Climate-change litigation is fast emerging as a new growth area of law where billions of dollars will be at stake, a payout that would make tobacco and asbestos damages look like pocket money. Eyeing the money-spinning potential, some major commercial law firms now place climate-change litigation in their Internet shop window.



Time magazine recently asked in the wake of the Tucson tragedy, “Are We Becoming an Uncivil Society?” Peter Singer would seem the least appropriate person to solicit an answer from. After all, the Princeton bioethicist has championed killing newborns and compared farmhouse hens to concentration camp victims…. Singer derides America’s firearm liberties as “completely insane” and says of the Tucson mass murder that “the NRA has blood on its hands, clearly.” To further demonstrate society’s incivility, Singer points to “nutty views about the dangers of government providing health care” as a possible impetus for Jared Lee Loughner’s killing spree.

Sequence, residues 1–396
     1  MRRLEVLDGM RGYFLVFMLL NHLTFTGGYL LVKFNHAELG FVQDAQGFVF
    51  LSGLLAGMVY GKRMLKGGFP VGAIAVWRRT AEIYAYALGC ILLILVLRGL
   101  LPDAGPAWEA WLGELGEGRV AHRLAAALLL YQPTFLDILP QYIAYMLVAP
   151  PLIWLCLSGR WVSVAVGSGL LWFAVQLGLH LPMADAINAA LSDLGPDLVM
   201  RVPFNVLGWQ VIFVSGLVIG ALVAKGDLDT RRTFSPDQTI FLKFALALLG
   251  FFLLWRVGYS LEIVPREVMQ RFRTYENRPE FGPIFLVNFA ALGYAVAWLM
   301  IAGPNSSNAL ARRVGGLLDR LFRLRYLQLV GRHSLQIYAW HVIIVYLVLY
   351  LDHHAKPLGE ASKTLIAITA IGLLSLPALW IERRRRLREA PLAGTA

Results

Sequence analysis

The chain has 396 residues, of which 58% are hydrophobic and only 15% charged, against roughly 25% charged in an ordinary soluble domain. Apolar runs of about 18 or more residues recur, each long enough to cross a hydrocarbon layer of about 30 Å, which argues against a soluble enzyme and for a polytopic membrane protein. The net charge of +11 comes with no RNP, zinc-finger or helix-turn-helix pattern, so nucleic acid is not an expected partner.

So how civil is this? A Madison WI theater is running a play where right-wingers are invited to dinner and then murdered. This reviewer says the dialog is “smart and thought-provoking” and the writer “heralds a new maturity and authoritative presence.”

The leader of the Communist Party USA is telling his supporters to unite with democrats.

Left-wing activists claimed responsibility for a minor explosion on Thursday at a hotel in Davos, close to where top executives and world leaders were meeting, but nobody was hurt. "Our fight against the dictatorship of capital is focused on the social alternative to capitalism: Communism," the group said in the statement.\

Stanley Ann Dunham and the Left's Exploitation of Women



Relatives of a teenage Pakistani girl have apparently electrocuted her for falling in love with a man they did not approve of, police said. Elders and the family of Saima Bibi, 17, decided after a meeting of a village council, or panchayat, that her punishment for shaming the family should be death, police said.

The Imam who wants to build an Islamic community center two blocks from the World Trade Center site may have diminished his prospects after statements he made about homosexuality.

If trends continue, by 2030 the United States will have a higher Muslim population than any European country other than Russia and France.